• That's a terrific way to put it. Having our hands tied but being available for advice. I also have felt lately that I need to be better at listening and do more of that than speaking. I think our kids need to process their thoughts too, and that means I have to be a better listener. (Slow to speak, quick to listen.)

  2. I think how we model our beliefs really does the teaching for us. We can say all we want about different things but it is how you respond to life that they watch and learn and hold on too. I think that training occurs as you come along side them and help them through life’s struggles and they along side you watching how you handle issues. Their trust for God grows as they see you trust. My parents kept things from me… mostly the hardships and the ugly. I think it would have helped me to have been trusted with whatever they were going through. We have got to be willing to be vulnerable in front of our kids; to trust them with your take on life as you struggle through it. To shield them from the bad and the ugly just makes it tough on them some day to deal with it. They also do not get to see the richness of your soul unless you bare it to them…
    I am sure they are learning from you Kari.

    • Being vulnerable in front of our kids as well as in front of others (such as our Christian family) is how the body of Christ is supposed to function. Both struggles and victories are shared by the body, no matter how much we try to act like parts that can exist individually. I think we forget that our kids are a part of the same body of Christ that we are. The more real that becomes to me, the more I am aware of my impact on them even beyond being their mom.

  3. I am already an emptynester, but the grandchildren and neighbor kids will be in school soon. I know from experience my daughter and grandchildren learned more from how I have overcome things in life than all my words. It is true that our actions speak very loudly, with family and in the world.

    Thanks Kari for sharing your life, your struggles, your victories, and to your family thanks for sharing you with all of us! ENjoy this last week before life changes again! hope you had a good birthday.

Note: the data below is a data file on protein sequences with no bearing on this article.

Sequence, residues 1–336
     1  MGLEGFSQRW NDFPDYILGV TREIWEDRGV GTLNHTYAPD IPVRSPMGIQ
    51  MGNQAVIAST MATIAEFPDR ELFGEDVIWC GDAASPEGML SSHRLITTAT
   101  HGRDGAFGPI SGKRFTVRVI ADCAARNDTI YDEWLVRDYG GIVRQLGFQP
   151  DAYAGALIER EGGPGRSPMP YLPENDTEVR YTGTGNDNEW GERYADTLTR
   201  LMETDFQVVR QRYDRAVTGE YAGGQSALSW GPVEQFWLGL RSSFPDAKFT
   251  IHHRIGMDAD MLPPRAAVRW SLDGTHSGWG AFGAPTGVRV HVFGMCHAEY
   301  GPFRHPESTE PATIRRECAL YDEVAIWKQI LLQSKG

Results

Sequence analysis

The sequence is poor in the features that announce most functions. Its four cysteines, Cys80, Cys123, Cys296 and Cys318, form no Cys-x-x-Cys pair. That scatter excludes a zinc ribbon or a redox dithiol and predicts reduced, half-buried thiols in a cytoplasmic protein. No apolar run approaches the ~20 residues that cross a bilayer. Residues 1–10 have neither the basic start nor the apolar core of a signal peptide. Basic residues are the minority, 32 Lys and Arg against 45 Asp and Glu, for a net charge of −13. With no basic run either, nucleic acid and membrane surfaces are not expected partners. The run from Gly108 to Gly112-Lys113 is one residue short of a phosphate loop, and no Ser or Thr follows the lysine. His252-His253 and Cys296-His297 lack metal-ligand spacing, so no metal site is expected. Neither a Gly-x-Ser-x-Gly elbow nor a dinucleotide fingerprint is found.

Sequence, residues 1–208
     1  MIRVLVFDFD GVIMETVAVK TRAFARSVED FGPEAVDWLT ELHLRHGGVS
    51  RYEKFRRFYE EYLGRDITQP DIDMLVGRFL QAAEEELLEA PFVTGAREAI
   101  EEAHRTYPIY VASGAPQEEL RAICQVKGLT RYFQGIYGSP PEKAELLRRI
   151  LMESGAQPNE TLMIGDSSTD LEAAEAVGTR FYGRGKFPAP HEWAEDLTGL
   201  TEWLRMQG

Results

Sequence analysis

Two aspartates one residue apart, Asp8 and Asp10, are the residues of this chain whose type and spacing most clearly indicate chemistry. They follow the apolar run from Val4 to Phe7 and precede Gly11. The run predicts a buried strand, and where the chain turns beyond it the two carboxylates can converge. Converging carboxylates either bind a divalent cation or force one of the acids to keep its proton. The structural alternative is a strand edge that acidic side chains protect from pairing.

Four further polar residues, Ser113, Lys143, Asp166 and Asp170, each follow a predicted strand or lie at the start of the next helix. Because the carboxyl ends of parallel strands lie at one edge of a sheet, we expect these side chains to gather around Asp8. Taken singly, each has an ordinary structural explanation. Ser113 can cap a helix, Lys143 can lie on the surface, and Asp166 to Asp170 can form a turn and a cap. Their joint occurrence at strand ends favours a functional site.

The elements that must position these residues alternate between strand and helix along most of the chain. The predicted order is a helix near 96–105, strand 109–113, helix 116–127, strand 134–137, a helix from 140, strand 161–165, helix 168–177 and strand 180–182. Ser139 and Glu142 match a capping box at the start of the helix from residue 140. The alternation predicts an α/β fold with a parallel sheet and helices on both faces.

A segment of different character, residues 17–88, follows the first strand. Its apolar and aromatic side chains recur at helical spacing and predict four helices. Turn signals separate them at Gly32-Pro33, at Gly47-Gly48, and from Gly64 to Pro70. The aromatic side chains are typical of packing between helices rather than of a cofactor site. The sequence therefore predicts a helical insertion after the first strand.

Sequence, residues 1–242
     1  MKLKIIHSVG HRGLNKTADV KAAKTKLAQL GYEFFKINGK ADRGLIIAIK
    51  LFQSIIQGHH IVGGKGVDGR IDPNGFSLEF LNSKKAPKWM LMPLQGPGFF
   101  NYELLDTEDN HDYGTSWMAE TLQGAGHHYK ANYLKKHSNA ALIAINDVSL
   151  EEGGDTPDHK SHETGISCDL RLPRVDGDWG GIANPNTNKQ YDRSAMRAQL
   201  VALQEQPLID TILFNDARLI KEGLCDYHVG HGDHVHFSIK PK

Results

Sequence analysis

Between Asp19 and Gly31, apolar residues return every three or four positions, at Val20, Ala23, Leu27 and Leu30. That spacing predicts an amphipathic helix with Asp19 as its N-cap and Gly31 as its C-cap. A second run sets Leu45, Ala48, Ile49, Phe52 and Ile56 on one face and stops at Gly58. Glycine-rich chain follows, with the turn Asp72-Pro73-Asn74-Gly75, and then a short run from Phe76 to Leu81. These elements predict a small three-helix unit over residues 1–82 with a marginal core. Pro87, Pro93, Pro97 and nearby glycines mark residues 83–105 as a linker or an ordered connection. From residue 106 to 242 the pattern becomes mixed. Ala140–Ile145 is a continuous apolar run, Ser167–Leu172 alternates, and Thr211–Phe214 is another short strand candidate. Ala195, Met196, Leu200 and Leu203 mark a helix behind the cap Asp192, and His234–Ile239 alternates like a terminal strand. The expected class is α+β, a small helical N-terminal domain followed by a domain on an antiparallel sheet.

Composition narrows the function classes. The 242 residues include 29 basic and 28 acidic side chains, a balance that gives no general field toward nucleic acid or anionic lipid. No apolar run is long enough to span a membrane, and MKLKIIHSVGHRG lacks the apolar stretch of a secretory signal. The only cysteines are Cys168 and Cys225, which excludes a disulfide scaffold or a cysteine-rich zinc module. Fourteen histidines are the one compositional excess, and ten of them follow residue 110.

• As I just said to Mark, slow to speak and quick to listen. Then, let my actions to more of the speaking than my mouth. I did have a good birthday. Kind of a rough start, but it all worked out okay!

      • I echo Mary's "thanks to your family for sharing you" When my son was in the ARMY it was as if we all were in a sense… as families what one does effects the others and when you say thanks to one then you are really thanking them all for all are part of the one.

        • This is actually kind of an unfamiliar concept for me in that I am not really attached to my family (the one I grew up with), except for my mom. But, I have been determined to make that be different for my own family, and your comments show me that this is happening. In other words, the legacy is changing for the better. My husband and kids really do play a HUGE rule in who I am and what I do, and I am also so very thankful for that! This was an unexpected blessing today. Thank you!

  4. Great post Kari! I always say that God gave me my 3 children with the exact personalities that they have so that God would humble me and help me grow into a better Christ follower. I certainly have learned a lot about myself through my children, as they have taught me what it really means to have (or not have) the Fruits of the Spirit evident in my life. I too have always thought of Proverbs 22:6 as the same way you have. Until reading your post today. It's great to read a scripture for the millionth time and then get a new revelation. Thanks again for a great post!

    • I'm not saying that people HAVE to have children (in fact, many who do should not), but I do believe that having children allows us to see more of God's truths than we would otherwise. I more fully understand His love, forgiveness grace and mercy because of how I give those to my children. The more my kids grow, and especially now that they are nearing adulthood, I realize how much my example of following Christ impacts them. My character is so much more important than the words I say, and this helps keep me motivated toward continued becoming more and more like Christ every day.

    • Point #2 is very difficult for me, and I fail a lot at it. I am once again realizing the power of small changes made over time adding up to a big difference. So glad you are aware of this so much earlier than I was with my boys.